...On Constitution Day, of all days.
Here's the latest from FIRE, the Foundation for Individual Rights in Education:
Modesto Junior College in California told a student that he could not pass out copies of the United States Constitution outside the student center on September 17, 2013—Constitution Day. Captured on video, college police and administrators demanded that Robert Van Tuinen stop passing out Constitution pamphlets and told him that he would only be allowed to pass them out in the college's tiny free speech zone, and only after scheduling it several days or weeks ahead of time.
When Van Tuinen tells the officer that he's trying to start an organization on campus called Young Americans for Liberty, the officer responds: "That's fine. But if you want to start an organization like that, you have to go through the rigmarole of rules & regulations that have already been set." Van Tuinen then is directed to the Student Center where he's told about the school's "time, place and manner free-speech area."
I feel sort of bad for the campus police officer and administration official in this case; their job is to defend and enforce the rules of the college, no matter how ridiculous those rules might be. The real here is larger than them, and even larger than Modesto Junior College: the assault on free speech at American colleges & universities across the country.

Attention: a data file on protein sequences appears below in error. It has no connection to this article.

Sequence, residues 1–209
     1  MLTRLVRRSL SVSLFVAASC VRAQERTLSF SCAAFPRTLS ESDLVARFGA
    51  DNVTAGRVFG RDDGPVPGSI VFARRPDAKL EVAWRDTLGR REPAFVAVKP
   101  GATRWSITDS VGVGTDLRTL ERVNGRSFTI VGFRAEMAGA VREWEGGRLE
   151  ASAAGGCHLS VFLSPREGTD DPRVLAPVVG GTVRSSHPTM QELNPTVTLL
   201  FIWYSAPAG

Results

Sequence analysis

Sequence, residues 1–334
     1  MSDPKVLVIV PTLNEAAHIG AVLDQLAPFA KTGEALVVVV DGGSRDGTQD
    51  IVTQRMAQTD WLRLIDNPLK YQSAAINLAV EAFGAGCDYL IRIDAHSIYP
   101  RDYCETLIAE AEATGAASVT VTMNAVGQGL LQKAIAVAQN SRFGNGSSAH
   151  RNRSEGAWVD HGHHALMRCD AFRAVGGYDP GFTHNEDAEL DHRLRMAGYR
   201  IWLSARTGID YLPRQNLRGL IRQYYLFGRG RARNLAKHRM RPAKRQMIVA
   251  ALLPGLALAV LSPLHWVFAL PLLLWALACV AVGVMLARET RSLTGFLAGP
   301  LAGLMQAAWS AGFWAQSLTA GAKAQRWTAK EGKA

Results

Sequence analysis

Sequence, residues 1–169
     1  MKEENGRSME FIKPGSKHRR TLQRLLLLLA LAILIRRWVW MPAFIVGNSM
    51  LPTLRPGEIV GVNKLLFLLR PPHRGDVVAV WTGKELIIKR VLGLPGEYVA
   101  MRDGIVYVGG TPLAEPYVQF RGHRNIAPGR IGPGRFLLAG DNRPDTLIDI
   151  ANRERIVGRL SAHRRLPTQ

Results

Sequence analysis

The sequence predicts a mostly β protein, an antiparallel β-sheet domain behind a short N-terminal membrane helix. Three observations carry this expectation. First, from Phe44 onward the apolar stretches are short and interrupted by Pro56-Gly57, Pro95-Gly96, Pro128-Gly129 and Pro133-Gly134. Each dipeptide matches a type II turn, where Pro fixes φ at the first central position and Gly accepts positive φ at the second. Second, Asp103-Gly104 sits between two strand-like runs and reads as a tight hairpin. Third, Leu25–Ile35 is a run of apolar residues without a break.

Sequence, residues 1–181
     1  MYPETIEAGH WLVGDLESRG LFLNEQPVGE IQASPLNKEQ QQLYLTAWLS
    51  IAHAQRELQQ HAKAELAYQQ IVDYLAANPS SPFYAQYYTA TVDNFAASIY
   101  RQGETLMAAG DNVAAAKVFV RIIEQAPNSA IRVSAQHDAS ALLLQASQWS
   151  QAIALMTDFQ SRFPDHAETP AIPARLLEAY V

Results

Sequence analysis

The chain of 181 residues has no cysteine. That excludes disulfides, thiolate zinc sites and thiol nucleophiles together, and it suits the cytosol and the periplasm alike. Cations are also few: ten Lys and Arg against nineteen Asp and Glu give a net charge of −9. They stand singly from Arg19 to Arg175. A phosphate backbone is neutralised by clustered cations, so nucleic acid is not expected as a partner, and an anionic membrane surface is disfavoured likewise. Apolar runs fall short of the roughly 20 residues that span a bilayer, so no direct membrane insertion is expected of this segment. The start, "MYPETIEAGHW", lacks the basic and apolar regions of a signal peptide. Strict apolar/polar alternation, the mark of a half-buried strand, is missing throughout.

Student clubs on college campuses are no longer defined by shared beliefs or common interests. Instead, students are often required to register their group with the university in order to meet on campus. In many cases, some schools offer supplemental funding for active groups which further limits their ability to freely operate.
**This video contains the relevant portions of Van Tuinen's experience. See the three full, unedited videos taken by the students after the jump.